You might have already heard the reports that Apple is sitting on a lot of cash, around the $100 billion mark. You might have even read the scores of recommendations about what it should do with all this cash. But America’s largest company — by market cap — is keeping mum on what it is going to do with it. CEO Tim Cook’s recent comment that the cash “is more than we need to run the company” had investors guessing — hoping — that means dividend. This certainly was the case in 2004, when Microsoft was holding a large sum of cash. It paid out a one-time dividend that returned $32 billion to share-owners and instituted a regular quarterly dividend payment thereafter.
And the cash keeps rolling in for Apple. Driven by iPad and iPhone sales, revenue growth has been huge. Analysts at Canaccord Genuity project revenue of $157 billion in 2012, up from $108 billion in 2011. They also estimate that the release of the iPhone 4S lifted Apple’s share of the smartphone industry’s operating profits to 80% last quarter. Quarterly profits will vary, based on new product releases, but an 80% share of the entire industry shows Apple’s ability to charge carriers large premiums compared to its competitors. iPad sales have surpassed Mac sales and are now Apple’s second highest source of revenue. With Apple’s product innovation history and estimated growth, could a $200 billion cash balance be far off?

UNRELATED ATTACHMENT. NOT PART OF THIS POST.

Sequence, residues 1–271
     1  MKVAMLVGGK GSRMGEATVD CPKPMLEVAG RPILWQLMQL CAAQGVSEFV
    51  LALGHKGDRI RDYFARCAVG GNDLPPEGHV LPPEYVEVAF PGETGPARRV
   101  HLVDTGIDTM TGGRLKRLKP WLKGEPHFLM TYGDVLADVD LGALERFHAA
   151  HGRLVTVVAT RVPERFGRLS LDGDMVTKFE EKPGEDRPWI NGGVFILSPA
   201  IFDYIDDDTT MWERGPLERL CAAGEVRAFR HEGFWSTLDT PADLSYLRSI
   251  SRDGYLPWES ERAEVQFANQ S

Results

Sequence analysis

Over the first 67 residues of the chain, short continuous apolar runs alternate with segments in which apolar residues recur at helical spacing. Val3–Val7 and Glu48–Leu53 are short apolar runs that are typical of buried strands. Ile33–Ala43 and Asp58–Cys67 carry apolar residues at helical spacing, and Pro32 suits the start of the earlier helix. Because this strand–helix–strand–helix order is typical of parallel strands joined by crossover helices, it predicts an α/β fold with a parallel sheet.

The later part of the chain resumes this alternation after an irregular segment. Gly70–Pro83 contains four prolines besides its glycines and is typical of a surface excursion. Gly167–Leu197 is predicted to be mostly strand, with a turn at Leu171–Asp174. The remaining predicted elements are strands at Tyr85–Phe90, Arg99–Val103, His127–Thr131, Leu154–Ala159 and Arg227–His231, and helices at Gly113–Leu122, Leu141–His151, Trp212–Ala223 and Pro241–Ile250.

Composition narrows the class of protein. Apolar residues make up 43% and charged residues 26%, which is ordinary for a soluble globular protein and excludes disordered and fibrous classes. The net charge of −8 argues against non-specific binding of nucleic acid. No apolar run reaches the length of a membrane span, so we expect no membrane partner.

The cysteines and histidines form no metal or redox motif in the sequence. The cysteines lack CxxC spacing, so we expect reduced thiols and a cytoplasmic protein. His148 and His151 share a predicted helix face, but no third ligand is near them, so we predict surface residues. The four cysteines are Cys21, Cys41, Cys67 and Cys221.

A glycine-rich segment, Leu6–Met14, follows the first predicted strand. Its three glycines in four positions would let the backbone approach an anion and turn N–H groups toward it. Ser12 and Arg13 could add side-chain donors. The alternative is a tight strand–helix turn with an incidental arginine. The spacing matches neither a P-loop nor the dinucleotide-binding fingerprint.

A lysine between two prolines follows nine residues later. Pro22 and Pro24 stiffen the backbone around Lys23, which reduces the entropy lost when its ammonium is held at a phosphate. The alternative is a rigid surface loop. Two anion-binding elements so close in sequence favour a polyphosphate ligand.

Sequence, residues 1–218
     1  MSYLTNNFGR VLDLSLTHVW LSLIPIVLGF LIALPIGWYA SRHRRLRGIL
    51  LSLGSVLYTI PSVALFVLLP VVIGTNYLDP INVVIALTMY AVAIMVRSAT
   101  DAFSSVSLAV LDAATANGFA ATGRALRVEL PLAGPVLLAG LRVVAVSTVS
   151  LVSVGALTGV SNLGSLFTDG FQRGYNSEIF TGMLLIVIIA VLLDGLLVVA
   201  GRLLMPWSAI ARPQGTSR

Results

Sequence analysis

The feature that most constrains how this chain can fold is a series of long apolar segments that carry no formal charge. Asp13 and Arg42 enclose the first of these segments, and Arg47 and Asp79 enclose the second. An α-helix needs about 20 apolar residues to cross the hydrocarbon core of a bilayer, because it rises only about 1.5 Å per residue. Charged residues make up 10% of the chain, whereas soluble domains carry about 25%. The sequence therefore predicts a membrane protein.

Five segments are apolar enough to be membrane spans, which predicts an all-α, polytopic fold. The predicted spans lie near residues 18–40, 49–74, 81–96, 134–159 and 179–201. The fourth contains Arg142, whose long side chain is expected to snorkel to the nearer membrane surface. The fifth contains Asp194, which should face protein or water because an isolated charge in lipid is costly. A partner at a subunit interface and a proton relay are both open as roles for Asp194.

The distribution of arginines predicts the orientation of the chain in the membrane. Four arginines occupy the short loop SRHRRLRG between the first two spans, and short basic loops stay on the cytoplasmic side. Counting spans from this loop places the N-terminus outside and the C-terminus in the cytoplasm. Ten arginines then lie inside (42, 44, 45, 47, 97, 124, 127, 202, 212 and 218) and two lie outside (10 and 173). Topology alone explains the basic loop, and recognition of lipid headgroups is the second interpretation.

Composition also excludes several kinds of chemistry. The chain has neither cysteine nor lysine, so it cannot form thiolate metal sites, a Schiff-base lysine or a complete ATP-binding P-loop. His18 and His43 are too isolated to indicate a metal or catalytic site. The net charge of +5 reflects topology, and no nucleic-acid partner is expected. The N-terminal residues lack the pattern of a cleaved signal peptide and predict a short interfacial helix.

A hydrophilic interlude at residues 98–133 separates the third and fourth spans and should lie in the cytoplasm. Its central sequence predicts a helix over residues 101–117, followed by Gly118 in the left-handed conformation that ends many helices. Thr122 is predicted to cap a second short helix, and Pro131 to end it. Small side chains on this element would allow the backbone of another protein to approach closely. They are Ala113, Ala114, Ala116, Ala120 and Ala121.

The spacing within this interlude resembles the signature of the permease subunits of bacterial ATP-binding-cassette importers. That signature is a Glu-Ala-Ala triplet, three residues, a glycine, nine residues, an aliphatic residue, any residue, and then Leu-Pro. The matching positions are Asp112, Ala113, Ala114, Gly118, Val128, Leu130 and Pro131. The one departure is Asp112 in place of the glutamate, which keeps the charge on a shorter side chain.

24/7 Wall St. wanted to see what other companies have large cash holdings, and what, if anything, are they doing with their cash. We focused on the most liquid holdings of cash, cash equivalents and short-term investments, which mature within one year and are therefore listed as current assets. In Apple’s case, this does not include the $67 billion in long-term marketable securities, those with a maturity date over one year. We excluded banks and companies with large financial service arms that require cash for lending purposes. By this measure, Microsoft is the top holder of cash, with $52 billion.
Short-term cash holdings, by nature, are invested conservatively. Management, overseen by the board of directors, must take “due care” not to put corporate cash at risk. Companies will hold onto cash for a variety of reasons, either for operations, buying assets or as a guard against future downturns. But when holding onto them too long, conservative investments risk losing value to inflation.
24/7 Wall St. gathered information from SEC 10-K and 10-Q filings. All data is for the last reported quarter.
The following lists the 10 top holders of cash. If you want an idea of where to hold your liquid funds, we offer a few highlights of where these companies have parked their money.